Sunday, 20 June 2010

Making Babies



Now there's no need to getting the knitting needles out - those of you who have met me know that I am well past childbearing years. The title of this post refers to a most interesting morning I spent towards the end of April at Lodge Lane Nursery, which is my local nursery. The nursery is run by Sue Beesley who won the BBC Gardener Of The Year Competition in 2006. Sue set up the nursery following her competition victory. Adjacent to the nursery is a one and half acre constantly developing cottage garden which opens to the public as a Royal Horticultural Society partner and also under the National Gardens Scheme.



This was the second propagation workshop that I have attended at the nursery. They run three times a year and emphasis varies according to the time of year. The morning started with a chat from Sue about propagation which touched upon not only seed sowing but other techniques including division, basal and stem cuttings and other weird and wonderful ways by which plants reproduce themselves. I liked Sue's advice that if you look carefully at the plants they will tell you what you need to do to propagate them. During this session I decided that my method of dividing plants needs some rethinking after all these years. Sue laid down plants on their side before dividing them which makes it a lot easier than my diving in from the top technique.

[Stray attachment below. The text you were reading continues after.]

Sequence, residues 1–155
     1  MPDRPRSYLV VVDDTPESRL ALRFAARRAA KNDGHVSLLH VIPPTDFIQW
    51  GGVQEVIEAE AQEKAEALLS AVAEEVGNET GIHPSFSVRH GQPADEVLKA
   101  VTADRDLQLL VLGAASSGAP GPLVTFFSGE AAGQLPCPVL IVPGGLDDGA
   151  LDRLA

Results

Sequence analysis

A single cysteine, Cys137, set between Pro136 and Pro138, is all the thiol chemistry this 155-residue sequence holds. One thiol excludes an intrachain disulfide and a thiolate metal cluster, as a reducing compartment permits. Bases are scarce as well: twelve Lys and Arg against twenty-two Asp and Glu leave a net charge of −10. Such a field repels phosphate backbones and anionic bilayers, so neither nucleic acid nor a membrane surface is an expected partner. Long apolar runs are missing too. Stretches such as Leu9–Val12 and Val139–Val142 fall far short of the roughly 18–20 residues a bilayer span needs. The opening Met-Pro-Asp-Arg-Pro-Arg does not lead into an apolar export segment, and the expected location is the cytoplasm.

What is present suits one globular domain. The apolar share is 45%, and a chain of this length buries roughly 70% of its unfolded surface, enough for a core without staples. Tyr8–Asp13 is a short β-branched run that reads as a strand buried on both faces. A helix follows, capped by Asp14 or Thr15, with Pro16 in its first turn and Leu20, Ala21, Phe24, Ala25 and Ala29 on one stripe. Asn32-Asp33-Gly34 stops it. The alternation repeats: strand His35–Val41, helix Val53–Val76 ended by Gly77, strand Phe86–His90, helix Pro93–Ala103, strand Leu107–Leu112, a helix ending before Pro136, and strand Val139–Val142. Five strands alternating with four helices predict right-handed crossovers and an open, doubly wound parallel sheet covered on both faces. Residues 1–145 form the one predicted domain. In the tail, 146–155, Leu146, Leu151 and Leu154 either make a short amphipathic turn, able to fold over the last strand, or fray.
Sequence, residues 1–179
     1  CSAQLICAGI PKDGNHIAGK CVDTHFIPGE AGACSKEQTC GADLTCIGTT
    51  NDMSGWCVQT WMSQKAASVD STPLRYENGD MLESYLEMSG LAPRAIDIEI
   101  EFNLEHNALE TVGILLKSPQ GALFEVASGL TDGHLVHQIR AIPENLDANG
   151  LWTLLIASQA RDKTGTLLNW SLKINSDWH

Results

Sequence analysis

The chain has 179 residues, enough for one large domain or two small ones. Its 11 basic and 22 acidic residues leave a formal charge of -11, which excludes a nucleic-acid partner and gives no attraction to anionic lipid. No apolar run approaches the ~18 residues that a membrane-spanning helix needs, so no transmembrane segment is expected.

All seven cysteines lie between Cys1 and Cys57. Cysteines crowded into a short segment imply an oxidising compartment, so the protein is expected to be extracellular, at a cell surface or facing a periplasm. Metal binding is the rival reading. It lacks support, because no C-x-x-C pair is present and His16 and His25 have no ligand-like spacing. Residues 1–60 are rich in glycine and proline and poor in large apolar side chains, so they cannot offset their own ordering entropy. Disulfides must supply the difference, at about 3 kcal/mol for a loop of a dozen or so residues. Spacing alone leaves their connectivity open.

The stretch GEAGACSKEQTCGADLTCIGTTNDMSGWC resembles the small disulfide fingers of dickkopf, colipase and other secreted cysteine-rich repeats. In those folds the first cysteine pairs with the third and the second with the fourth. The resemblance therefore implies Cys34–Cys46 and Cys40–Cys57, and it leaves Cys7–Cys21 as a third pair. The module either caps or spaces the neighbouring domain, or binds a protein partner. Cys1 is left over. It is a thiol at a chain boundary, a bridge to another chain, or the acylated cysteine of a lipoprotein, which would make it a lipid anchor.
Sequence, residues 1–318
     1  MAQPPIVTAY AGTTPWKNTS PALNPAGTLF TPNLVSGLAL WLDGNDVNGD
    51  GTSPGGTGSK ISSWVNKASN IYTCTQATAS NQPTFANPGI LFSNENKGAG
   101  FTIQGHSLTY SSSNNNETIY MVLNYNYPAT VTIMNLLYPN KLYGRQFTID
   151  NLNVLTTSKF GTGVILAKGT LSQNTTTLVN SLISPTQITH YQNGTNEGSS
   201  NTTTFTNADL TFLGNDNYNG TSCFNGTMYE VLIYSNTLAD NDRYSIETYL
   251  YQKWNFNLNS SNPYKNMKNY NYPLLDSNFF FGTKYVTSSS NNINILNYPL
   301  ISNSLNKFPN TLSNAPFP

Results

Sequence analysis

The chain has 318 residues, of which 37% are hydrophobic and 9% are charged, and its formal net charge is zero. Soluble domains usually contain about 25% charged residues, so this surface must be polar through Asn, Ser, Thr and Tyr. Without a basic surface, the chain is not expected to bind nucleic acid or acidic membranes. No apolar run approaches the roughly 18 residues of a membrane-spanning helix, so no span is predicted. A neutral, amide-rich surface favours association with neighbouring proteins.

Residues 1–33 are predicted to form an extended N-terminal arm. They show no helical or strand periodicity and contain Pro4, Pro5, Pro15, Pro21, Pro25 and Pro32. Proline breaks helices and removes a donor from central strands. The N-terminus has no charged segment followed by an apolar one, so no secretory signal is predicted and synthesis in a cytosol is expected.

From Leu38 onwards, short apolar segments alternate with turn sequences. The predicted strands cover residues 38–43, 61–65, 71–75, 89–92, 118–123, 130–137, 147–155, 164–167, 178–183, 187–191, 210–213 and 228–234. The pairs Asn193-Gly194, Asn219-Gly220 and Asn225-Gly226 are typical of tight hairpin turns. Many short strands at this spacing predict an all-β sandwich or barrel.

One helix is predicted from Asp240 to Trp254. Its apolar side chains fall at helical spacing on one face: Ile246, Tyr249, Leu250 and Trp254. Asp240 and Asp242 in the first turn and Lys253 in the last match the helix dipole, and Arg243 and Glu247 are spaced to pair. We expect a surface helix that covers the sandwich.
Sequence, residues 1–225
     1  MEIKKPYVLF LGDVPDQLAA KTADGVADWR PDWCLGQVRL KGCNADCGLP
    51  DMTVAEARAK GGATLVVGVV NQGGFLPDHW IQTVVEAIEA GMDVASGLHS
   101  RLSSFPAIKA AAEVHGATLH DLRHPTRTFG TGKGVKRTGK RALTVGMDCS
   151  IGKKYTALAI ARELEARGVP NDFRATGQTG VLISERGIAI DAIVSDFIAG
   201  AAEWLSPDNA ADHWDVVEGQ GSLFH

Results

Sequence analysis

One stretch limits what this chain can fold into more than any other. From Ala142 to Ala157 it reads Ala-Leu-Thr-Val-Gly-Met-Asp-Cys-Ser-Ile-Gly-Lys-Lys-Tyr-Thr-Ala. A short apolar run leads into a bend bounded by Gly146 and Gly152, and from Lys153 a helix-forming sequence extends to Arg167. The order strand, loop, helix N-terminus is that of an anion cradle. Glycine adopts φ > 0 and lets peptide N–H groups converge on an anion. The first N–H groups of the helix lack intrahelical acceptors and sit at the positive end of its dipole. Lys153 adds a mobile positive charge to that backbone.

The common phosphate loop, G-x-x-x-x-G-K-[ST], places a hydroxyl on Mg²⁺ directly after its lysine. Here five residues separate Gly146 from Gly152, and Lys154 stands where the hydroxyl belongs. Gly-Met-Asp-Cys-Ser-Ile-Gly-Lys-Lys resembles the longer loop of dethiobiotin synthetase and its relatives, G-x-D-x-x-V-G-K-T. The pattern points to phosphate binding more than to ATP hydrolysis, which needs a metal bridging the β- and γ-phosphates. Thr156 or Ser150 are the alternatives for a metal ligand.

After a coffee break and cake we headed out for a quick tour of the nursery's propagating area including the greenhouse where we saw Sue's homemade sand bench. Then time for some hands on stuff in the potting shed where we were able to put the morning's techniques into practise on some plant material. I am unable to lay my hands on my notes at the moment but I am fairly sure that Sue's mix was peat free compost, horticultural sand and vermiculite or perlite. Once we had performed surgery on our victims we watered and labelled them. Those that needed it went into plastic bags with an elastic band secured round them before we took them home. Sue also demonstrated the RHS recommended method of filling a seed tray prior to sowing. Needless to say if I had not been following this method and will probably continue my bad habits. Before the morning finished we had a guided tour of the garden stopping to look at various plants and methods of propagating them.





You can see some of the fruits of my labour above - potentilla atrosanguinea, nepeta 'Six Hills Giant', anthemis 'E.C.Buxton' and a leucanthemum whose label had gone awol. I am pleased to say that nearly two months later they are still alive and now putting on new growth almost before my eyes. All in all a most inspiring, informative and enjoyable morning. I returned to the nursery last week for another workshop - more on that very soon.

12 comments:

  1. Hi Anna,

    Very interesting!

    Propogation scares me, or maybe I'm just too lazy to follow the rules... Mmmm I'm thinking the latter is the most likely!
    Propogating is definitely a great skill to have, I am sure ;)